Are marketers too obsessed with IRL 'brand activations'? - Technical.ly Philly

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Oct. 7, 2016 11:44 am

Are marketers too obsessed with IRL ‘brand activations’?

Greg Ippolito argues that in our digital age, these types of lavish marketing stunts are often not worth it.

USA Network's "brand activation" for Mr. Robot at South by Southwest 2016.

(Photo via Statesman Shots)

These days, marketers are gambling their chips, in increasing numbers, on brand activations.

Brand activations, which refer to any means of generating consumer interest by allowing consumers to engage with a product or service in a unique way, are the proverbial “next big thing.” Spending on brand activation campaigns is projected to exceed $595 billion by year’s end.

It’s no wonder. They’re exciting and fun. They allow marketers to be creative in new and innovative ways. And, if done right, a brand activation can create a big splash that ripples out through the enthusiasm of journalists, “influencers,” social media lane-whisperers and the like.

But exactly how and where are marketers investing their brand activation dollars? And to what end?

According to a report from the Association of National Advertisers, the vast majority of brand activation budgets go to non-digital campaigns and their components (“experiential” and “relationship” efforts alone account for almost 41 percent of overall spend). This is despite the fact that such campaigns can be enormously expensive and time-consuming to create and launch … and the return you’ll get back can be hard to quantify — and, one would think, even harder to justify.

Yet, like vinyl records, the allure of analog brand activations seems to transcend logic.

Think about how strange this is. In an era where data mining and campaign measurement are of paramount importance to marketers, the typical brand activation offers neither.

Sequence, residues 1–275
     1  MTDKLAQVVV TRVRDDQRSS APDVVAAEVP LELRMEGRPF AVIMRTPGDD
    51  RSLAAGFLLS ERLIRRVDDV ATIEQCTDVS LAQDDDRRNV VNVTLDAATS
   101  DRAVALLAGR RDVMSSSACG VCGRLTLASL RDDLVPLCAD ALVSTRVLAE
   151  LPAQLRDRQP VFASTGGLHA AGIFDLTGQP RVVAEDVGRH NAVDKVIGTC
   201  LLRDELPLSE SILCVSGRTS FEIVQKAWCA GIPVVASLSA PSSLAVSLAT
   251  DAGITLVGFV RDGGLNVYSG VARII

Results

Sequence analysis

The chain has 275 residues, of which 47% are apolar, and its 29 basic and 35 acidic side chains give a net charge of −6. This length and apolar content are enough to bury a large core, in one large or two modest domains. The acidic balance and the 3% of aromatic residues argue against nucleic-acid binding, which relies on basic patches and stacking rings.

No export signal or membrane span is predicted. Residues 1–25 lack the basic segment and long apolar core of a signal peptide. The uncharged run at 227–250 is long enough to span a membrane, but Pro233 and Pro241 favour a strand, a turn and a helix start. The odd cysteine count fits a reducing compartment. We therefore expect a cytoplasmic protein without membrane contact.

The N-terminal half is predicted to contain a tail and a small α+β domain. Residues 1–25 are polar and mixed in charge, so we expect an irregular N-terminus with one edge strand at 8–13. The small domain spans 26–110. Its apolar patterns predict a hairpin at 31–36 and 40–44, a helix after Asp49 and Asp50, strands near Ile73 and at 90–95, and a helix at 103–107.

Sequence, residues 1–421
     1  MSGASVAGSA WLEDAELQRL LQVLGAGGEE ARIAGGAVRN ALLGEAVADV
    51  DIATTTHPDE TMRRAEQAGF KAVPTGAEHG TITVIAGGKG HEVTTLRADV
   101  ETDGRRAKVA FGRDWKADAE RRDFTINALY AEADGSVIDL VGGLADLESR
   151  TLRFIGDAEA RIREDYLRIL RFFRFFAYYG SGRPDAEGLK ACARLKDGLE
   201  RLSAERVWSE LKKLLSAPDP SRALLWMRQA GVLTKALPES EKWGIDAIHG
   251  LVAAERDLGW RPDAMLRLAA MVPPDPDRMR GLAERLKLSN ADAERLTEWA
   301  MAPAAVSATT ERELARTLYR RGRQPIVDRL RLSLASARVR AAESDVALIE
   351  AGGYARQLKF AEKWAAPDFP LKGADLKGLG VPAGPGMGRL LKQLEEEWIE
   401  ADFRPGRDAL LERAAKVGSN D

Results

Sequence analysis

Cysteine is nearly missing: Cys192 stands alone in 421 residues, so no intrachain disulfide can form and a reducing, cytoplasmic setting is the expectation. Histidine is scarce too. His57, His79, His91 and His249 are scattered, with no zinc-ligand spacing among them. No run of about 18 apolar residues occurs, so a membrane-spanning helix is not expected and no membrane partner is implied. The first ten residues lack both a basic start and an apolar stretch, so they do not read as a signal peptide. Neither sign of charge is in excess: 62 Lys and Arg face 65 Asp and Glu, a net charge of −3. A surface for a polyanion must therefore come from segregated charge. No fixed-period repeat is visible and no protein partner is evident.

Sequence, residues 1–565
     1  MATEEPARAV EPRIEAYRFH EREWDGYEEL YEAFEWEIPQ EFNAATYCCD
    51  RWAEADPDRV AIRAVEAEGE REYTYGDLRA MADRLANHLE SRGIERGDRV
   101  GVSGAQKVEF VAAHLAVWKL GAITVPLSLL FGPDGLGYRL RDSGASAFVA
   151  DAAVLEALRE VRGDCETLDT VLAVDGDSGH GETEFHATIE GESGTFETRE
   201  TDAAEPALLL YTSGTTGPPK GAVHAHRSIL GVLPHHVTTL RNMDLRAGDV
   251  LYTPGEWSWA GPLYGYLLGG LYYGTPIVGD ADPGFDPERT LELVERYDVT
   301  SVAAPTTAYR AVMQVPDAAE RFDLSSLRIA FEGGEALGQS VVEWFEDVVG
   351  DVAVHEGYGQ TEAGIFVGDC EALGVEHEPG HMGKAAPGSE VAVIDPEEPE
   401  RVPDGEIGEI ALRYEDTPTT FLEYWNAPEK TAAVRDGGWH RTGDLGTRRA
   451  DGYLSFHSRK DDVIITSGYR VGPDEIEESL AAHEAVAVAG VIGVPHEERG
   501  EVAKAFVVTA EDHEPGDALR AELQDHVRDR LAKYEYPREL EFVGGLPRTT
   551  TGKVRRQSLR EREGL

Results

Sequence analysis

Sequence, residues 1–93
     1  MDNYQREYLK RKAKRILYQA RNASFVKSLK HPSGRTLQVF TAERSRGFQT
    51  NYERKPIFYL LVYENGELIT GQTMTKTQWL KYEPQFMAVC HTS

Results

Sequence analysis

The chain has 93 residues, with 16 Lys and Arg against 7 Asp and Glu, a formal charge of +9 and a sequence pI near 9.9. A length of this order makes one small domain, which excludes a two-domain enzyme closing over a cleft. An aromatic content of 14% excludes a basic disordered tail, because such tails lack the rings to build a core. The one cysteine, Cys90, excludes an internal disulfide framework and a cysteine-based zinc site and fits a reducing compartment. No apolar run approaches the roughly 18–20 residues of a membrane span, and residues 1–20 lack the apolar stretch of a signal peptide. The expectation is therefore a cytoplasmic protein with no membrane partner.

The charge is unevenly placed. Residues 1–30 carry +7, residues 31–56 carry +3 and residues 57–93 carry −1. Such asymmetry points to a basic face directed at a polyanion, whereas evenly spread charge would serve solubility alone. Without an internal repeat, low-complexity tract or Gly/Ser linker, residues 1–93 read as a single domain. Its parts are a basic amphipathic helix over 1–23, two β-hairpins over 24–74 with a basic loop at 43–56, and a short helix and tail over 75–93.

Take for example the USA Network’s fsociety amusement park experience, which launched at South by Southwest 2016. It’s a case study in how a brand activation can open wide the door to imaginative thinking. But, while attendees may have had a great time riding the ferris wheel or playing in the arcade, there’s no telling how many of them went home and started watching Mr. Robot as a result. And, even if you could quantify that, was the added viewership profitable enough to justify the cost of this (albeit very impressive) campaign?

In the ANA report, a brand activation is defined as “marketing that both builds a brand’s image and drives a specific consumer behavior or action.” If the goal is to raise brand awareness and drive a specific action, why aren’t more marketers challenging themselves to do this digitally?

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In contrast to its analog counterparts, a digital brand activation requires a lot less time and money to create, and it delivers measurable results, which, if built on a sound and tested strategy, are reliable from the outset. What marketer wouldn’t like that? Hell, what CMO, CFO or CEO wouldn’t like that?

A digital brand activation won’t typically create the same splash of, say, a live-action shootout in a town square but the benefits of this quieter (and smarter) approach are obvious:

  • Immediate results (whether awareness, lead-gen or direct sales)
  • Quick set-up and launch (within weeks, typically)
  • Real-time performance measurement
  • Continuous campaign optimization
  • Strong, quantifiable return on investment (ROI)

Strategically speaking, at a high-level, leverage search and social media to target your best audiences and drive them to an online destination that provides an immersive, exhilarating experience. With that framework in place, let your imagination run wild.

Unlike with a live-action shootout, you won’t be left wondering what the street gawkers are thinking, nor to what degree your display of public theater drove any desirable action.

With a digital brand activation, you’ll know. To the number.

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